an NFSA website

Jewel of the Pacific (1932)


Lord Howe Island is the subject of this short travelogue made by Frank Hurley during a camera tour of the island in 1932. It shows the island’s geographical features, its local population, a group of men gathering kentia palm seeds for export (clip one), women hunting rats (clip two) and the rock pools and coral reef which ring the island.

Curator’s notes

Jewel of the Pacific was one of Frank Hurley’s Pacific Graphilogue series of travelogues made throughout the region. It presents Lord Howe Island as a tropical Eden, removed from the worries of civilisation, whose islanders are content and carefree. At the time, the local population numbered less than 200 people and there were no motorised vehicles on the island. The tranquillity of island life, along with the wildlife, produce and tropical terrain, are presented as the unique characteristics that make the island such an alluring place.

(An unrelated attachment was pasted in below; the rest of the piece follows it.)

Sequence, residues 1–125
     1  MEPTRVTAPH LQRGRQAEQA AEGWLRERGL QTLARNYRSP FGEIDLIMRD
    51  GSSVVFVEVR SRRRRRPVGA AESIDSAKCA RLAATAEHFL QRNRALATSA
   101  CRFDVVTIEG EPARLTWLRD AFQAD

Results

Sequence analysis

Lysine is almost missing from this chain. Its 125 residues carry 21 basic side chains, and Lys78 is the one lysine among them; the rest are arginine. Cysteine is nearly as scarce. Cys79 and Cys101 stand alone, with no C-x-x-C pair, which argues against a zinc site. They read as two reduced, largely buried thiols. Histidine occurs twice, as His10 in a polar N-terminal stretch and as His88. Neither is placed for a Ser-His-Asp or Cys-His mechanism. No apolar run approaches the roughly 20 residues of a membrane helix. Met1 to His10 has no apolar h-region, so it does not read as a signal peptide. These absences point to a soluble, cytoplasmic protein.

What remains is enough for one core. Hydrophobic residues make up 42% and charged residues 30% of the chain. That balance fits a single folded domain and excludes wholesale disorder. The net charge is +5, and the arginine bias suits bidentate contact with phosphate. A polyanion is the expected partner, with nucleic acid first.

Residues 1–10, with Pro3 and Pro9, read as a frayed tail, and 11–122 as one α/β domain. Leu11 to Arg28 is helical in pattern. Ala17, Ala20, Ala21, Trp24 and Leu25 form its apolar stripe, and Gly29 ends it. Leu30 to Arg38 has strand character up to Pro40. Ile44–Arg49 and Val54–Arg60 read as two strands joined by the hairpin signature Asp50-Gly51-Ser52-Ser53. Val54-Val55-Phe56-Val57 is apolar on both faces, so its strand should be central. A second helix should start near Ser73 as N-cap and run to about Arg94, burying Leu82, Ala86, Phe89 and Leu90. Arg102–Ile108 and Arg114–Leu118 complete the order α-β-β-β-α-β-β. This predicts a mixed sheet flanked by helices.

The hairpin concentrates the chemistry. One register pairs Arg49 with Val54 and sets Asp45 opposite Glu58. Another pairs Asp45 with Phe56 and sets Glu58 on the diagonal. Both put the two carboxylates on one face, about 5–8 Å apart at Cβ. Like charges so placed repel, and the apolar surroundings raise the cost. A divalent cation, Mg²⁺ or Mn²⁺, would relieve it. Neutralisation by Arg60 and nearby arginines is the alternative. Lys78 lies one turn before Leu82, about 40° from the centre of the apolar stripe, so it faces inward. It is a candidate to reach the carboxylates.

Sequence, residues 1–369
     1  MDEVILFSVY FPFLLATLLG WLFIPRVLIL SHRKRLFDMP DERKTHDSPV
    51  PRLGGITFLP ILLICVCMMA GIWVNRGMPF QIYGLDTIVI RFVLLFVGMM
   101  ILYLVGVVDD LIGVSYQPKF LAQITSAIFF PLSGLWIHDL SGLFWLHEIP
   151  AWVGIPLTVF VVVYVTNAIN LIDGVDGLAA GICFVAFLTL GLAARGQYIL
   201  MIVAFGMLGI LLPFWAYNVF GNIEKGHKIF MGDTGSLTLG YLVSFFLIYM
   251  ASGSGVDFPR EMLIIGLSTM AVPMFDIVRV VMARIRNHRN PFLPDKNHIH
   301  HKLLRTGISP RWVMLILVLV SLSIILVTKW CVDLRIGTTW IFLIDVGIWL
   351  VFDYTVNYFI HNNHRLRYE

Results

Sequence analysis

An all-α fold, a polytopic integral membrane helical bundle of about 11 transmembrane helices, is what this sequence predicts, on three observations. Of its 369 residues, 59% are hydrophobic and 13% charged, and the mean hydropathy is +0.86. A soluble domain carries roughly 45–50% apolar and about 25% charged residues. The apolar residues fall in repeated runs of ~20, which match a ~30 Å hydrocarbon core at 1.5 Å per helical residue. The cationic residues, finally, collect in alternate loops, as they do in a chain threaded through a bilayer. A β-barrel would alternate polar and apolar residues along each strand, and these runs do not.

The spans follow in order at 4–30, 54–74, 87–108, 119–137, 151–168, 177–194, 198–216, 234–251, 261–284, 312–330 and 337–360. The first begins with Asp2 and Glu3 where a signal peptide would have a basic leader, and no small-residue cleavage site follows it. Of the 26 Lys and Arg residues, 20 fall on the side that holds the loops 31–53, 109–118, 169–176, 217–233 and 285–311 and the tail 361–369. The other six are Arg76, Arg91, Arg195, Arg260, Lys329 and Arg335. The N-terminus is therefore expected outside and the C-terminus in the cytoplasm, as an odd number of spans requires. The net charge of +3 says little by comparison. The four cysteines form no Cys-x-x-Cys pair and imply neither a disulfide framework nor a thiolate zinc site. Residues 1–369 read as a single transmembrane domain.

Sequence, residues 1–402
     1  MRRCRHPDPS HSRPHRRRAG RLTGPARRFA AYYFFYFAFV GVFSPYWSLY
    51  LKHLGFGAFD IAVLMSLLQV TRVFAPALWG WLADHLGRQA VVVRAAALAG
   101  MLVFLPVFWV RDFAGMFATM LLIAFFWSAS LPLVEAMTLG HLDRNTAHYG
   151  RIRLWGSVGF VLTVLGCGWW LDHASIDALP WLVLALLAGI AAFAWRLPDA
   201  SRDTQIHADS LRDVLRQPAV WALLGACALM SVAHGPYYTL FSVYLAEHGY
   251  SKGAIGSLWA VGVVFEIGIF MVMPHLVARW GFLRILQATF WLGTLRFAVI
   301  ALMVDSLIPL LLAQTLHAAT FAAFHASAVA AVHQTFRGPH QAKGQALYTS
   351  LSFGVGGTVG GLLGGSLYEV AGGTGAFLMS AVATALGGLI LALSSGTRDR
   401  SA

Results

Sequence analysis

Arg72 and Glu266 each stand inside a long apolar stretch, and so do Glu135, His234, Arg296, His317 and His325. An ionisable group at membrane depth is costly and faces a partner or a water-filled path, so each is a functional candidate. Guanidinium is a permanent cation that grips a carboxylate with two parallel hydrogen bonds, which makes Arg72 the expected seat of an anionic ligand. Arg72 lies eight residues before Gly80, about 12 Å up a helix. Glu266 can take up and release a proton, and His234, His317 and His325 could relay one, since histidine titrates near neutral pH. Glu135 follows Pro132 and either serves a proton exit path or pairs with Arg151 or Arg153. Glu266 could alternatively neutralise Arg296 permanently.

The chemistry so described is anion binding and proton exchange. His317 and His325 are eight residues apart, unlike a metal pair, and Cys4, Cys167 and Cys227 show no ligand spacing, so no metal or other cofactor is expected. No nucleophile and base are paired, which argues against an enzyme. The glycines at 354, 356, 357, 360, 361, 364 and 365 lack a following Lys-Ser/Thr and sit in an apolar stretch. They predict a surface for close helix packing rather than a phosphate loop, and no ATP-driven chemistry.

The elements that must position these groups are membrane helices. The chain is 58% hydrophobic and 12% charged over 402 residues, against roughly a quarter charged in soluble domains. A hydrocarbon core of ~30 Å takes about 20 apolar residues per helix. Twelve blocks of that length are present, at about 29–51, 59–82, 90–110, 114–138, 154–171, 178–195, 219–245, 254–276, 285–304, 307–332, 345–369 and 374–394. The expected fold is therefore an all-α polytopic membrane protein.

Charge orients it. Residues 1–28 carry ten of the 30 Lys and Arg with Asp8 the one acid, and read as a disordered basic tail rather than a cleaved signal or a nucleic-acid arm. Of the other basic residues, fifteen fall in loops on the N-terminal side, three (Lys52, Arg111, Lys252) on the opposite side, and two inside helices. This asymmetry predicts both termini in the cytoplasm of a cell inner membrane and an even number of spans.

Hurley is best known as a photographer and cinematographer who had the ability to capture incredible footage in extreme conditions (see Home of the Blizzard, 1917; Endurance, 1933). He made his name with these expedition films but also worked as a cinematographer for Cinesound in the 1930s on features including The Squatter’s Daughter (1933) and The Silence of Dean Maitland (1934).

His skills as a cinematographer are evident in this travelogue (see clip one where he films the group walking along a slim mountain ledge), but much of the pleasure in watching this film comes from the enthusiasm of Hurley’s lively voice-over narration. It is given in an informal commentary style, injected with moments of humour that add immediacy and intimacy to the images on screen. Travelogues were a nonfiction format that suited Hurley’s sense of adventure and passion for travel. Other travelogues that Hurley made include Treasures of Katoomba (1936), Follow the Sun (1938) and Isle of Many Waters (1939).